The Rice Crisis: Markets, Policies and Food Security

At a time when the world is apprehensive about food security and the looming dark days when humanity will run out of food, millions of tons of food are wasted because of our poor habits of consumerism. In industrialized nations especially, retailers and consumers discard around 300 million tons that is fit for consumption. Ironically, one in every seven people in the world go to bed hungry and more than 20,000 children under the age of 5 die daily from hunger.

When food is wasted, two other vital commodities are also wasted – the energy used to produce food and water necessary for producing and cooking food.

Indeed, Malaysians waste up to 8,000 tons or 8 million kilograms of food a day – and this amount can easily feed 6 million people.

Environmentally, food waste also means that chemicals, such as fertilizers and pesticides, and fuel used for transportation of these foods are also wasted. It also leads to more rotting food, which creates more methane, one of the most harmful greenhouse gases contributing to climate change.

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Methane is 23 times more potent than carbon dioxide as a greenhouse gas. Thus, the vast amount of food going to landfills makes a significant contribution to global warming.

The best way to help reduce waste is to adopt and practice the theme ‘Think. Eat. Save’, as a way of saving the environment. If we observe what is happening around us in school, we will see many students eating only half of the food they have ordered and throwing away the rest. At home, we only eat what we like and discard the rest of the food that has been served on our plates because we dislike it.

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Some of us heap food on our plates without any intention of finishing it. In restaurants, for example, many families order unnecessary amounts of food and waste a lot of it.

In fact, Malaysians have for too long lived in affluence and have a compulsive affinity for food. It is said that if Malaysians are not doing anything else, they are eating. It is a fact that while the British may be obsessed with the day’s weather, the first thing two Malaysians ask each other when they meet is “sudah makan?” or “have you eaten?” Malaysia could possibly be the only country in the world where food is available in street corners throughout the night, while the rest of the world is sleeping. Given this kind of lifestyle and the resultant devastating effects on the environment, the theme ‘Think. Eat. Save’ will encourage us to become more aware of the environmental impact of the food choices and informed decisions we make.

To put this theme into practice, we should start from the home and then witness the power of collective decisions we have made to reduce food waste, save money, minimize the environmental impact of food production and force food production processes to become more efficient. If food is wasted, it means that all the resources and inputs used in the production of all the foods are also lost. For example, it takes about 1 000 liters of water to produce 1 liter of milk and about 16,000 liters goes into a cow’s food to produce a hamburger. The resulting greenhouse gas emissions from the cows themselves, and throughout the food supply chain, all end up in vain when we waste food.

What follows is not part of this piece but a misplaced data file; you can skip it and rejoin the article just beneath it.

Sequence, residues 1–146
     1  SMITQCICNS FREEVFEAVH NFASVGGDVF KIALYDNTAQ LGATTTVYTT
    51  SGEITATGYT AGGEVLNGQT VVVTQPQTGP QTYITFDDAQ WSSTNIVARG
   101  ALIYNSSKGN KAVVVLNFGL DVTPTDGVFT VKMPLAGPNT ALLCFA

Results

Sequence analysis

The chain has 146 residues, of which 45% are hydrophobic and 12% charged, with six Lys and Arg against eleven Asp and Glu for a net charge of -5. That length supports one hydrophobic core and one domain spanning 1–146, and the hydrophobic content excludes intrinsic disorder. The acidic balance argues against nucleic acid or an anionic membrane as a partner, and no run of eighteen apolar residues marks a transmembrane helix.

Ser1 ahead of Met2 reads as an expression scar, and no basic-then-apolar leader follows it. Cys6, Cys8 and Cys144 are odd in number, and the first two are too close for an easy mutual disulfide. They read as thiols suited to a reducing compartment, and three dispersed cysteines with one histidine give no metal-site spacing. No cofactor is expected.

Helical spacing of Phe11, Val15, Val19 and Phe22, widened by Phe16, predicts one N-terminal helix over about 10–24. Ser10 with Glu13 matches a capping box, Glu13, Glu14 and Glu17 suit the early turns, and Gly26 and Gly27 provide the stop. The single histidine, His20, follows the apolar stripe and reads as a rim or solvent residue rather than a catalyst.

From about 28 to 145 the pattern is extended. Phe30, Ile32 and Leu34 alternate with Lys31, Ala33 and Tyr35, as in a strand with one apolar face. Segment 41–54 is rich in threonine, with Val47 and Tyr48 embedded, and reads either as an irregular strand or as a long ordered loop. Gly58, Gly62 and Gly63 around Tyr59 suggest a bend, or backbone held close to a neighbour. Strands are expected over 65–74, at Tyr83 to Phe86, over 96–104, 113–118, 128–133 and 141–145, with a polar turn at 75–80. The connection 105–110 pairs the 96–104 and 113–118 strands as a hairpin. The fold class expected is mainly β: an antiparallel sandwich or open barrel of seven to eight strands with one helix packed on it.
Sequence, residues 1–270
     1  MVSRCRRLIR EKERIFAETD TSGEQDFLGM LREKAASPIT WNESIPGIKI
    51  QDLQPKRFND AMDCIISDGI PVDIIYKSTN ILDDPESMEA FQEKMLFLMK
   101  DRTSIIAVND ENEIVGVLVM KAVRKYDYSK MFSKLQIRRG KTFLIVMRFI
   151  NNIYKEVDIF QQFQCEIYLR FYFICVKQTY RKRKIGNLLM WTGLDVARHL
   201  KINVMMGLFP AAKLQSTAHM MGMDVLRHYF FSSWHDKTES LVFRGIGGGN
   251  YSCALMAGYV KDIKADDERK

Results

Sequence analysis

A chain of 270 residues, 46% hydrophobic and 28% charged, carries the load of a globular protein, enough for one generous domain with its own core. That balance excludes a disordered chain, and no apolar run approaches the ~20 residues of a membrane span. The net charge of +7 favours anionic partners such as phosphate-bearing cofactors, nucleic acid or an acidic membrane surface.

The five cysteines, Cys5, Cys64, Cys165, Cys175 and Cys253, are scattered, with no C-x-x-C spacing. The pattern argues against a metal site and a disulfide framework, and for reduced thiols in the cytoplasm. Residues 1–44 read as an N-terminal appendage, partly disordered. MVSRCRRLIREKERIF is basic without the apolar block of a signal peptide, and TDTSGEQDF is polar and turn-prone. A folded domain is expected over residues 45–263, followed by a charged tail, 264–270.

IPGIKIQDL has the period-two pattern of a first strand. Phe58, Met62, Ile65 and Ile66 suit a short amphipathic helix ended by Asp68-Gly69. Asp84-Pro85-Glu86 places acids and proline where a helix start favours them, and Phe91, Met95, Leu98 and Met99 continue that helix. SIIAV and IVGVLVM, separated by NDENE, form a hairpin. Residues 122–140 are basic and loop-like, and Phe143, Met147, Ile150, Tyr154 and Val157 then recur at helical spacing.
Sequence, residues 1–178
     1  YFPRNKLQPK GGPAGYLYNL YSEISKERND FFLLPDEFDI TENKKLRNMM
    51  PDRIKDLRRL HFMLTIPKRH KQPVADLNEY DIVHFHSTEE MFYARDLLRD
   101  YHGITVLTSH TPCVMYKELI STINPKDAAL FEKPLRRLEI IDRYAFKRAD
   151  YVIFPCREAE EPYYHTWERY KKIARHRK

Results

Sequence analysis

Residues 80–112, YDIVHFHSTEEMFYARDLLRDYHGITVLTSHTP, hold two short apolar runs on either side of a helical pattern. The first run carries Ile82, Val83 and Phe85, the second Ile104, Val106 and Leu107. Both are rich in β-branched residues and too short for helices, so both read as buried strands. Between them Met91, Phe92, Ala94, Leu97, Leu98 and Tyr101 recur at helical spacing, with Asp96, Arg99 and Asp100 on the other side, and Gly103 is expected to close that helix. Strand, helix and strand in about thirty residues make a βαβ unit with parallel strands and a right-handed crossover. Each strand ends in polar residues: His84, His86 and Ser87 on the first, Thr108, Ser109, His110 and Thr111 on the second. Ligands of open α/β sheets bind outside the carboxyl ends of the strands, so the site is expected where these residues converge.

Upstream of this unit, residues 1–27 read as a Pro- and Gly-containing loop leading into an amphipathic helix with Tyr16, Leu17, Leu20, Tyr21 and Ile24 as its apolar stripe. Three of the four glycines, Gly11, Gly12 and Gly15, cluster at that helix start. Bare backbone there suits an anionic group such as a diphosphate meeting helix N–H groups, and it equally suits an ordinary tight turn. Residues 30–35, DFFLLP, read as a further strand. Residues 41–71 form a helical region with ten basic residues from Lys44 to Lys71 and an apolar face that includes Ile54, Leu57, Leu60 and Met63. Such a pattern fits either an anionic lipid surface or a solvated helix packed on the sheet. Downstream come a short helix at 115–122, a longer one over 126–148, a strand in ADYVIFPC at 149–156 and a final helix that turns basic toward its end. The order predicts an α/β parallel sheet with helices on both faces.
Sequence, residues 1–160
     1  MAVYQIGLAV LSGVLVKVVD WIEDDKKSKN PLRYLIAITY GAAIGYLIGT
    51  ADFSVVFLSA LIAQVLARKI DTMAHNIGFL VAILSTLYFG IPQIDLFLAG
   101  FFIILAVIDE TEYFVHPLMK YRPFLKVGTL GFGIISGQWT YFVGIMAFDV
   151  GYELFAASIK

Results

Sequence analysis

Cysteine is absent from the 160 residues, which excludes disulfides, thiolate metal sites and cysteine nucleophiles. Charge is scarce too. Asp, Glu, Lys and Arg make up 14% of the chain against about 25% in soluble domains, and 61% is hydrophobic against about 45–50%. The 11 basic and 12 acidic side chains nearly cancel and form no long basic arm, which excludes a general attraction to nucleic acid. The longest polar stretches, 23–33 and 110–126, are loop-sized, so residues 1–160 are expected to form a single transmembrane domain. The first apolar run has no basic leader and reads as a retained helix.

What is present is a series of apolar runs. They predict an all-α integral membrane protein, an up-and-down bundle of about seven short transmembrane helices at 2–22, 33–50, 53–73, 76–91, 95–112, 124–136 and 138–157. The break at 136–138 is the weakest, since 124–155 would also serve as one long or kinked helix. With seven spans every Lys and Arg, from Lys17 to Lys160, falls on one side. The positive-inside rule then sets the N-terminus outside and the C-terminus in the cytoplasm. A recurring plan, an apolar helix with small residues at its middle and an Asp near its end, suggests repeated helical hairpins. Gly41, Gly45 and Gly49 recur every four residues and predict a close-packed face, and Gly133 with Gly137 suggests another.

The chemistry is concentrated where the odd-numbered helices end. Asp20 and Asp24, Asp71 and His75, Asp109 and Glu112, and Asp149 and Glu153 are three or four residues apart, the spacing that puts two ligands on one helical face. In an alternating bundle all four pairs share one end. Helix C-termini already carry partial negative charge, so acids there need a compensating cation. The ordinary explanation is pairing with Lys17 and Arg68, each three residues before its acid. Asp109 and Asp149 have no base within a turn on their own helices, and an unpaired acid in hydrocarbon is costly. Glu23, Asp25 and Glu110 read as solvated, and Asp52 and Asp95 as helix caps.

Therefore, we should eat only what we are able to eat. Do not heap your plate with food you know you will not be able to finish eating. In restaurants, make sure you or your friends or parents do not over order food, or even for that matter, order dishes that many do not like. It is more prudent to order less food than too much – if insufficient, you can ask for more.

Parents too, need to change their attitude towards food consumption and educate the young about the downside of food wastage. Even in the school system, some effective kind of awareness on food wastage must be impressed upon the younger generation as they may not be aware of another world where food is scarce or the looming food security issue which is threatening the world.

As for making informed decisions, it simply means that we purposefully select foods that have less environmental impact. One example is buying organic foods that do not use chemicals in the production process. No doubt organic food is more expensive, but if more people buy organic produce, their production will be increased and subsequently, production costs will fall. Foods that are produced using fertilizers and pesticides only harm the environment and our health.

At the same time, we should also support our local market. Choosing to buy locally produced vegetables, fruit and farm products can also mean that foods are not flown halfway across the world. It not only saves our money but also limits carbon emissions from planes.

Many countries are taking the problem of food wastage seriously and trying to curtail it by imposing fines on people who wantonly waste food. Restaurants in some countries fine diners who leave behind large amounts of food on their plates. Food wasted for these restaurants means more rubbish, which will only add on to the millions of tons of household and commercial trash thrown out daily, leaving a greater impact on the environment. By imposing fines, people will be more conscious of wasting food.

Lastly, we should all join hands to create a safe and green world. So think before you eat and help save our environment.

Cite this page

The Rice Crisis: Markets, Policies and Food Security. (2020, Sep 22). Retrieved from https://studymoose.com/the-rice-crisis-markets-policies-and-food-security-essay

The Rice Crisis: Markets, Policies and Food Security

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